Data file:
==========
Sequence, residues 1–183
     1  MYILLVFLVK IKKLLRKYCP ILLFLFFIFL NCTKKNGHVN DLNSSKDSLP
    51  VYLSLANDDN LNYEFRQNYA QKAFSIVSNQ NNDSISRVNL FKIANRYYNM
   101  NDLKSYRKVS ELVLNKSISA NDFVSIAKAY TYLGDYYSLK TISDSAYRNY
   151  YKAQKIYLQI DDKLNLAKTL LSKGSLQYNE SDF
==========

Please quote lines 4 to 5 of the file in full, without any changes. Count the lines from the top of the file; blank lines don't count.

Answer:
   101  NDLKSYRKVS ELVLNKSISA NDFVSIAKAY TYLGDYYSLK TISDSAYRNY
   151  YKAQKIYLQI DDKLNLAKTL LSKGSLQYNE SDF